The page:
[Met Performance] CID:98530
L'Amore dei Tre Re {47} American Academy of Music, Philadelphia, Pennsylvania: 02/21/1928.

(Review)


Philadelphia, Pennsylvania
February 21, 1928


L'AMORE DEI TRE RE {47}

Fiora...................Florence Easton
Avito...................Edward Johnson
Manfredo................Lawrence Tibbett
Archibaldo..............Léon Rothier
Flaminio................Angelo Badà
Maid....................Mary Bonetti
Young Woman.............Mildred Parisette
Old Woman...............Dorothea Flexer
Youth...................Giordano Paltrinieri
Shepherd................Dorothea Flexer

Conductor...............Tullio Serafin

Review (unsigned) in the Philadelphia Evening Bulletin

METROPOLITAN OPERA

'L'Amore Dei Tre Re' Well Received at Academy of Music

America's delegation, in that Musical League of Nations known as the Metropolitan Opera Company, occupied the center of the stage in the presentation of the grim operatic tragedy "L'Amore Dei Tre Re" ("The Love of Three Kings") at the Academy of Music last night.

Lawrence Tibbett, heard here in recital not long ago, had the baritone role of Manfredo, the unfortunate husband whose wife loves some one else; Edward Johnson was cast in the tenor role of Prince Avito, the lover, and Florence Easton was the incandescent Fiora. The fourth of the principal roles, that of the old blind king Archibaldo, who strangles Fiora when he learns she has been unfaithful to his son, was sung by Leon Rothier, French by birth but American by association at least.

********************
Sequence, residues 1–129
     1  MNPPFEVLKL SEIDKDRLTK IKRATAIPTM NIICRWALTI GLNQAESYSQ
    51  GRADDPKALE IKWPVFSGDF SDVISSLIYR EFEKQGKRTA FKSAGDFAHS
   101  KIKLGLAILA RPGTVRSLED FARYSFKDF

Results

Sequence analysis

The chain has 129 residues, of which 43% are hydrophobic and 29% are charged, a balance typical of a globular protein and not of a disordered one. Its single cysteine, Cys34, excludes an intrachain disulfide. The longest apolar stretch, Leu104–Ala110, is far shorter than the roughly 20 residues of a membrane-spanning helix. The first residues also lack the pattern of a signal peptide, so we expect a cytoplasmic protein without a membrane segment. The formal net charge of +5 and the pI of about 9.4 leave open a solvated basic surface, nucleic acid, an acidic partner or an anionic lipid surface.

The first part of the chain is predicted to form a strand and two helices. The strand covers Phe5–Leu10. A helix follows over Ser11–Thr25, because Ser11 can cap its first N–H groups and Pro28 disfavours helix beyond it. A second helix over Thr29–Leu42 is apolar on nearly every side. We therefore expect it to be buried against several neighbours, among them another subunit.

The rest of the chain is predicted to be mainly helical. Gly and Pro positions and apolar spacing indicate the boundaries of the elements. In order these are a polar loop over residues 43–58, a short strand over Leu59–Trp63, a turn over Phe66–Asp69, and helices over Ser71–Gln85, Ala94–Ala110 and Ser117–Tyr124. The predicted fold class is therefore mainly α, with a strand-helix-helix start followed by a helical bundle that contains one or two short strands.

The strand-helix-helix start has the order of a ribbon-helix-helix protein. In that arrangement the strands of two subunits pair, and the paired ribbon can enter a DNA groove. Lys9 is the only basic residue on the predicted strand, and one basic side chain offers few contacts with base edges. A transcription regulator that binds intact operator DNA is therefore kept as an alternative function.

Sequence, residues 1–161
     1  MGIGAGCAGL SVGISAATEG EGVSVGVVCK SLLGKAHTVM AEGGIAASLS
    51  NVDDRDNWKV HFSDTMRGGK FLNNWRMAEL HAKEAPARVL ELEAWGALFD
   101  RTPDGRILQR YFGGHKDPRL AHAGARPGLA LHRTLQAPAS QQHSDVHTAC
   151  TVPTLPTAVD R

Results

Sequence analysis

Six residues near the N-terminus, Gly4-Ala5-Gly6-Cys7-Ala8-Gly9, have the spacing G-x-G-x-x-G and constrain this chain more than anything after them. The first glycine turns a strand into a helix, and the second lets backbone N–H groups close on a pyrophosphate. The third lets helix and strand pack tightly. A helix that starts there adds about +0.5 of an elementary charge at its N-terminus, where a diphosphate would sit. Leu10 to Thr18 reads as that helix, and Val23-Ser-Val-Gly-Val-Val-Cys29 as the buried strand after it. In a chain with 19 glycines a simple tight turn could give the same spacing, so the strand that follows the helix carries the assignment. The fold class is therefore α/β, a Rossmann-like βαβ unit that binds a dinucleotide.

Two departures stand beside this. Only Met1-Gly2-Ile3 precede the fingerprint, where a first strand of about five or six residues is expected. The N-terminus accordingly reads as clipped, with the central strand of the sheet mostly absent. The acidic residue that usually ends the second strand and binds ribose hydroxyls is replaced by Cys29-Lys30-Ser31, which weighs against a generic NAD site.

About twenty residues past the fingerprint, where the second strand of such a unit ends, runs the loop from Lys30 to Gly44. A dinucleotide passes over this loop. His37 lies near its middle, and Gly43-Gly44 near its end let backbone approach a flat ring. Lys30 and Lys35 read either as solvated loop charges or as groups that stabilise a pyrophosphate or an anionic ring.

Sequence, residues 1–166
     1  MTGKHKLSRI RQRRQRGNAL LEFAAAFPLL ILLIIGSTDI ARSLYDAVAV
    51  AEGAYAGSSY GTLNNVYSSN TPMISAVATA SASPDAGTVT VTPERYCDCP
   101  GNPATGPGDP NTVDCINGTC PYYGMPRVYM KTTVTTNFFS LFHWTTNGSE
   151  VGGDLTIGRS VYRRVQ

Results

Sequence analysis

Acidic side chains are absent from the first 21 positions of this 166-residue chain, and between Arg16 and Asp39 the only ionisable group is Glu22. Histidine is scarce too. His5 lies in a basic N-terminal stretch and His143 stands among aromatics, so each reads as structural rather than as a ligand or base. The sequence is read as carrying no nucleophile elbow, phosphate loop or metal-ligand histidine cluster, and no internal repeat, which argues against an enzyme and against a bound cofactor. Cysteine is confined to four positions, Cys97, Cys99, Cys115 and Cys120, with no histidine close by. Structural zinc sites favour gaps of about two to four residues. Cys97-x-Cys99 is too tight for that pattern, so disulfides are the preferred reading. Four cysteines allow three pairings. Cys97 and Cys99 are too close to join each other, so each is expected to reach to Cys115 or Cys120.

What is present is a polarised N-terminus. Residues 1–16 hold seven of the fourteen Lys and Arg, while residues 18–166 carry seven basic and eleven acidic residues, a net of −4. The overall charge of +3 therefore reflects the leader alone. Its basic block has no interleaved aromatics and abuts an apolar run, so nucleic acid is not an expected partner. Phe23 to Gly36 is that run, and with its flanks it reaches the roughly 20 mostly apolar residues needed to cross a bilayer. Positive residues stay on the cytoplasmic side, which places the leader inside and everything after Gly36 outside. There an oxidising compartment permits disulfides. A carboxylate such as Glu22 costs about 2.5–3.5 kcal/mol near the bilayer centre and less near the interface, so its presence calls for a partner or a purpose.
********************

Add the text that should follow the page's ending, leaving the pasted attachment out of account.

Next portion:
Montemezzi's music to the poetic libretto of Sem Benelli is extremely difficult to sing, not only because of the vocal histrionics that are called for, but by reason of the manner in which the instruments and voices are woven together so as to make all tonal or rhythmic eccentricities well-nigh fatal.

Rothier's conception of the part of the old king was evidently based on the first act aria "Italia, Italia, e tutto il moi ricordo" ("Italy, Italy is all that I remember"). Into his rich basso he brought the full measure of longing and hopelessness that the words of Archibaldo imply. He was effective in the [beginning] scene with his daughter-in-law and his cry of thanks for his blindness, which end the first act was poignant with grief.

Tibbett's full and rounded voice was excellent generally in the part of Manfredo, but he failed to get into his singing the sense of shock and horror with which the Prince learns Fiora has been strangled by Archibaldo. It was possibly Tibbett's determination to hold to the Italian tradition of sacrificing dramatic effect when it threatens the lyric purity of the music. There are many, judging by the applause, who approved his method. Edward Johnson sang with sincerity and good voice, particularly in the second act love duet with Fiora, undoubtedly the high point of the whole opera. There were moments when he required the aid of the prompter and this detracted somewhat from his full effectiveness.

Florence Easton was in good voice and sang with genuine dramatic fire and passion. She rose to great heights in the second act duet with Avito and the subsequent scene with the enraged Archibaldo. Her death cries may be considered, by some, to be a little overdone. One does not generally shriek fortissimo while being throttled.

Tullio Serafin's reading of the music was splendidly paced and his control over the various instrumental sections was admirable. The orchestra, indeed, was it its best, particularly during the second and [start] of the third acts. The chorus likewise distinguished itself and the offstage singing of the third act was remarkable for the precision of pitch.



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